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Discovering How Sound Can Shape Unforgettable Experiences

With a background in theater, performance, and singing, Claire Krupela ’22 enjoys music and sound—but has always found herself enthralled with the intersection of business, technology, and design as well.

As an undergraduate at Washington University in St. Louis, she majored in economics strategy with minors in design and computer science to feed this passion.

“I’m a big game-theory nerd, and that program was perfect,” she describes. “I absolutely loved it. I didn’t want to lose any of those parts of me. They all seem pretty different, but they work together beautifully.”

After graduation, she landed an internship with Walt Disney Imagineering, the creative force behind Disney theme parks. Achieving this dream internship made her even more excited for a tangible career path in this field.

As a content and partnership planning intern, she helped manage the flow of intellectual property (licensed, owned, and acquired brands, movies, characters, stories, and settings) into and out of Disney parks. The work involved everything from making sure the Avengers Campus was in lockstep with Marvel brand guidelines to coordinating efforts to develop new brand partnership placements within the parks.Claire Krupela

“Throughout that experience, I realized that my passions lie in storytelling and creating experiences for people,” she says. When COVID-19 hit the United States in March 2020, however, Krupela was one of the 32,000 Disney workers who were laid off. She left California and headed back to Missouri and her family as she thought about her next steps—which she realized could include graduate school.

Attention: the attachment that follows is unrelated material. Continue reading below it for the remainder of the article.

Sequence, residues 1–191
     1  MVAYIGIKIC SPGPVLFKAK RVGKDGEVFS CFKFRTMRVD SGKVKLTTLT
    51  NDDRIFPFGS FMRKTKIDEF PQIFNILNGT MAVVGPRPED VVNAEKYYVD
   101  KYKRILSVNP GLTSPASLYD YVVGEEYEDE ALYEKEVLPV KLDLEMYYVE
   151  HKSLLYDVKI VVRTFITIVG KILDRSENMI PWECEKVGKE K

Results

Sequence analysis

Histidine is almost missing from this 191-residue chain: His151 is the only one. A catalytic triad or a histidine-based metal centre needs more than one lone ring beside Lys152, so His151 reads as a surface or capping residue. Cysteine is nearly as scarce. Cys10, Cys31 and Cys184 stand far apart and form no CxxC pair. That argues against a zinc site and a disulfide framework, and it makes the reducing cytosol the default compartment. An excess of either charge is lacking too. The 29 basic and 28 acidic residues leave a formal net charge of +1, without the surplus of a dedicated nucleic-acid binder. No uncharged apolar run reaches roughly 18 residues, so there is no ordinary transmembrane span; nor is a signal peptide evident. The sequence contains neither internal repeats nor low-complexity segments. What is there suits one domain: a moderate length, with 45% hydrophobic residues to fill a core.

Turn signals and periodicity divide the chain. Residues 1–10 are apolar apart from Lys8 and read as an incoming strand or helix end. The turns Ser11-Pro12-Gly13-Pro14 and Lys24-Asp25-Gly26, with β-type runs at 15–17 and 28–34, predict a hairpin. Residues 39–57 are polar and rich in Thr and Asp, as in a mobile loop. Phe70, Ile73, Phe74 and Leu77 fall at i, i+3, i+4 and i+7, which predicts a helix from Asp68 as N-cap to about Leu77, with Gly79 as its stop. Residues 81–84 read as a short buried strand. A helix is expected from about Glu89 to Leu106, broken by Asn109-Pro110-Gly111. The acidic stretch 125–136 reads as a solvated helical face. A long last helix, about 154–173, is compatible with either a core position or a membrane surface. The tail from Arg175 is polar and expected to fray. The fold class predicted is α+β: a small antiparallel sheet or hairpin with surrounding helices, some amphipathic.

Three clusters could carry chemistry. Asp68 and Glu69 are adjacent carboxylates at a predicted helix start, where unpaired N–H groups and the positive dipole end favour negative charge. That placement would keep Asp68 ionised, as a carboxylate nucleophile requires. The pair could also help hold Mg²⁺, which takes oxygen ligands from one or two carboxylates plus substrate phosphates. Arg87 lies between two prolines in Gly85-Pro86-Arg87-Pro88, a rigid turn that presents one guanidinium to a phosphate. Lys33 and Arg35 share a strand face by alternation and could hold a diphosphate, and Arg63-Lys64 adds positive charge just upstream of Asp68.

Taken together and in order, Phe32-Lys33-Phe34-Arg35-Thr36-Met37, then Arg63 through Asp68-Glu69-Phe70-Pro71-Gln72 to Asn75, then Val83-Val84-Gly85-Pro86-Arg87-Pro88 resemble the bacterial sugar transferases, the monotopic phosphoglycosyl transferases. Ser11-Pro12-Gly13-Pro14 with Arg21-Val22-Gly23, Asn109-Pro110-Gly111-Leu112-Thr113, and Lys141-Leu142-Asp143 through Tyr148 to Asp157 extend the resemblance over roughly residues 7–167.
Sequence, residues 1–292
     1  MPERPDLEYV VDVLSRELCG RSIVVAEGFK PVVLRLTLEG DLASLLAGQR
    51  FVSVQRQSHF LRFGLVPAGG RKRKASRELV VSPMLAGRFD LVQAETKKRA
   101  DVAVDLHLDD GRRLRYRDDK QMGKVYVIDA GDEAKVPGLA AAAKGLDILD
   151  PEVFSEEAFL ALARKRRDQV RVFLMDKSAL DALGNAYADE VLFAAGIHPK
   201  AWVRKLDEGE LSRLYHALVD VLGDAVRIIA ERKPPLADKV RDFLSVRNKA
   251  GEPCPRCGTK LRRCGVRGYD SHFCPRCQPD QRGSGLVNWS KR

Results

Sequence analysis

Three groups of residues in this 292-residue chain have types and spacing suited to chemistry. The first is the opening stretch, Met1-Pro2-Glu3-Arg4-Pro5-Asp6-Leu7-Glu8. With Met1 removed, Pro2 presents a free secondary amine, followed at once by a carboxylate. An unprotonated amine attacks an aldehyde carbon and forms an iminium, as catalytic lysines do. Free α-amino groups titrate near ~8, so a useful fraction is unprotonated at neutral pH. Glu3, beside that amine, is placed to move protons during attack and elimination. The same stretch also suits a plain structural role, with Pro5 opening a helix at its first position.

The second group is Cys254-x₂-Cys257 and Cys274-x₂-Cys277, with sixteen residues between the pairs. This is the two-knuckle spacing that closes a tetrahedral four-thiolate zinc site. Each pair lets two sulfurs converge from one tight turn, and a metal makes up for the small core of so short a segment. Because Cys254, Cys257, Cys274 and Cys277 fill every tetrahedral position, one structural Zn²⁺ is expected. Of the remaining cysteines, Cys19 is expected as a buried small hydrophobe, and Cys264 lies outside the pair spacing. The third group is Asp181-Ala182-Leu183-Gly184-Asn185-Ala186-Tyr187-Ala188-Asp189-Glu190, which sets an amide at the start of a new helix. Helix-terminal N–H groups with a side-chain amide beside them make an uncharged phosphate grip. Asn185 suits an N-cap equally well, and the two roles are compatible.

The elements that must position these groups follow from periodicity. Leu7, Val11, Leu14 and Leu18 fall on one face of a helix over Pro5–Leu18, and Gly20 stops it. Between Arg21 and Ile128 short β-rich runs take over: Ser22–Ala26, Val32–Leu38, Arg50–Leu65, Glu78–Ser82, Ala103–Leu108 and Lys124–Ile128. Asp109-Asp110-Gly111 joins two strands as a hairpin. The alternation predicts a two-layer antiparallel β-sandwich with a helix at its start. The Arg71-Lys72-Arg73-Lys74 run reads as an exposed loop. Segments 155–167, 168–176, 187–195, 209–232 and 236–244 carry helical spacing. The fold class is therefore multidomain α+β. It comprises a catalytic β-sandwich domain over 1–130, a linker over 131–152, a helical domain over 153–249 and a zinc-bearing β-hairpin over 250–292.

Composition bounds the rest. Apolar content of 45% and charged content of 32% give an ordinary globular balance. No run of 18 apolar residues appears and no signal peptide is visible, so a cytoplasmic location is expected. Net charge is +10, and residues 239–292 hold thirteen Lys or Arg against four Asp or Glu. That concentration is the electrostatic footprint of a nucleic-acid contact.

One evening, as she was scrolling through Instagram, she saw an ad for Northwestern’s MA in Sound Arts and Industries program.

“It was the type of master’s program I was looking for,” she explains. “I knew I wanted something interdisciplinary but also something focused on exploring and making. A lot of things clicked for me about the program. I’ve always been fascinated with sound, but it didn’t seem like a viable option because I didn’t know there was a clear way to learn about it.” After attending an online info session, she applied and kept her fingers crossed.

A few months later—in January 2021—she was offered a content operations coordinator position at media company Common Sense Networks to build tracking systems and databases that support the launch of its kid-safe Sensical streaming service.

Although it was a hectic time—starting a new job and applying to a new graduate program within the span of just two days—she says she wouldn’t have it any other way. In February 2021, she found out she had been accepted into the program.

“It has been fantastic for me,” she says. “It’s not just about art—it’s about understanding the science and technical sides of sound. I enjoy the freedom and support we get as we pursue what we want. We get to go in the direction we choose to go with our assignments.”

So far, she says that learning the nuances of Max programming language and developing an audio-based video game as part of an elective have been high points. Other standout moments include creating an eight-minute podcast about the Great Canadian Maple Syrup Heist and transforming natural sounds into mechanical, futuristic, and manmade sounds as she used cat noises to create the sound of an engine starting. “I’m only making things that bring me joy,” she says. “And where else can you do that?”

She’s also looking forward to the upcoming Sound for Augmented and Virtual Reality and VR Sound with Ambisonics classes. “I’m ready to lean into that and see how I can use VR in the future, especially given recent announcements about things like Meta and its VR social platform,” she says. “We’re getting to see the cutting edge and newness of what’s happening right now. I’m so excited about where all this will lead.”

Once she earns her MA in Sound Arts and Industries, Krupela plans to transition from the business side of experience design to the creative side, whether that means back to theme parks or working in a different industry (video games, VR, etc.).

“So many of the questions that I’ve been thinking about as I entered the program have already been answered,” she says. “In every single class, I learn something new. I’m making these connections between very separate things that I’ve wondered about. Having those theories confirmed is incredible. I can’t wait to see what’s next!”

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